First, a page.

Bugs happen: 4 bugs to expect when developing a Salesforce app

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By: Rob Jordan | 11.3.17

10 years ago we were introduced to an operating system that would change our lives. In 2007, Apple introduced the iPhone and its game-changing mobile operating system, iOS. But as of last month, they are still finding bugs on the release day of the newest version. So if the world’s largest tech company can’t build bug-free software- why would anyone expect app development consultants to?

Now, we’re not saying that bug-free software can’t be achieved. It technically can. But why would anyone want that? It’s just not economically viable to have bug-free software unless you’re building an application that’s life-threatening.

Why you ask?

Well, just read what David Heinemeier Hansson, the creator of the popular Ruby on Rails and founder of Basecamp, had to say about bug-free software:

“While no one likes bugs, far fewer people like the alternative: feature-less software. How do you think the market would receive the iPhone 7 if its headline improvement was cutting 1/3 of the features to shrink the code base so it'd have fewer bugs?"

So why do we need bugs? Well, let’s start with what a bug really is.

 

What is a bug?

A bug is a conflict in logic within a particular solution. Typically it is a result of a coding that may not recognize certain variables within a deployment. A bug can affect the outputs of the solution but is generally only within a particular use case and does not inhibit the user from using the solution.

It is important to note that bugs are often related to multiple variables and in most cases, the solution, consultant, and client have some responsibility.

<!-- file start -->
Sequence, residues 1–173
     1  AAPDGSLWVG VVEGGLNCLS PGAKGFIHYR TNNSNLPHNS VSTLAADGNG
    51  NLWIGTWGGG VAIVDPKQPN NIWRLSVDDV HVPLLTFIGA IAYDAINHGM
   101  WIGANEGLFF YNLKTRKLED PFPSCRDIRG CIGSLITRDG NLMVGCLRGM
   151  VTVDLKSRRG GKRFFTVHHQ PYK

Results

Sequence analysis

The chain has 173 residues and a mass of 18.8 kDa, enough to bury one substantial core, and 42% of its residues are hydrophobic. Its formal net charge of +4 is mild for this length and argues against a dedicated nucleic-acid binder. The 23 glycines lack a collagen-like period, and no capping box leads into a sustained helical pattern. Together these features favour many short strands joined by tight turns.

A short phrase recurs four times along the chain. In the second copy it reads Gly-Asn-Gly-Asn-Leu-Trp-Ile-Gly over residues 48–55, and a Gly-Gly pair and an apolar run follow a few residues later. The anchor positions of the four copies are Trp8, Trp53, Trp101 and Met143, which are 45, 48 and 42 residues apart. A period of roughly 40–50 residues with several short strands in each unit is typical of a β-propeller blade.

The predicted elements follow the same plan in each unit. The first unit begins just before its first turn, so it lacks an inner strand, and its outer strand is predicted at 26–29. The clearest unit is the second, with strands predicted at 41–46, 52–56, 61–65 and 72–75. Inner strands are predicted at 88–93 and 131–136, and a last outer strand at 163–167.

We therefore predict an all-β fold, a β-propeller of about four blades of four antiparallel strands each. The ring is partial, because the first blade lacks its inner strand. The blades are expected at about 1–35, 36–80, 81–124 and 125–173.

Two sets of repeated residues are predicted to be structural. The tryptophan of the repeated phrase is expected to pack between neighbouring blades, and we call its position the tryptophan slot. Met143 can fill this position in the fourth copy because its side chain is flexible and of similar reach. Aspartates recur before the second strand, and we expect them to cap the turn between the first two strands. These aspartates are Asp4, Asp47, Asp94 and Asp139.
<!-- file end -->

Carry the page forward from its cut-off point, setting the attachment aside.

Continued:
However, a bug is not a missing feature. Often, we expect a feature to be present that isn’t there. And, sometimes, this is confused with a bug when the software doesn’t work the way we want it to. A missing feature is different than a bug.

 

Four types of bugs

There are four categories of bugs and each of them should be managed differently. Of the four bug categories, only the first can be vetted prior to deployment by your consultant and the rest will likely occur after launch.

 

Architecture Logic Bug

What is it? The solution architecture logic bug is a failure in the system or a logic that is unresolved. This happens when there is a conflict of logic that is prohibiting the functionality to produce the intended outcome. In this case, the issue lies within one system.

How do you know? This is typical when you are expecting something to work within the user story parameters and it doesn't. It’s key to note here, this bug occurs most when there is only one system or solution involved in the issue.

How do you resolve it? Submit a support ticket detailing the use case to your consulting partner for review. Provide a real example with the actual outcome as well as the intended outcome.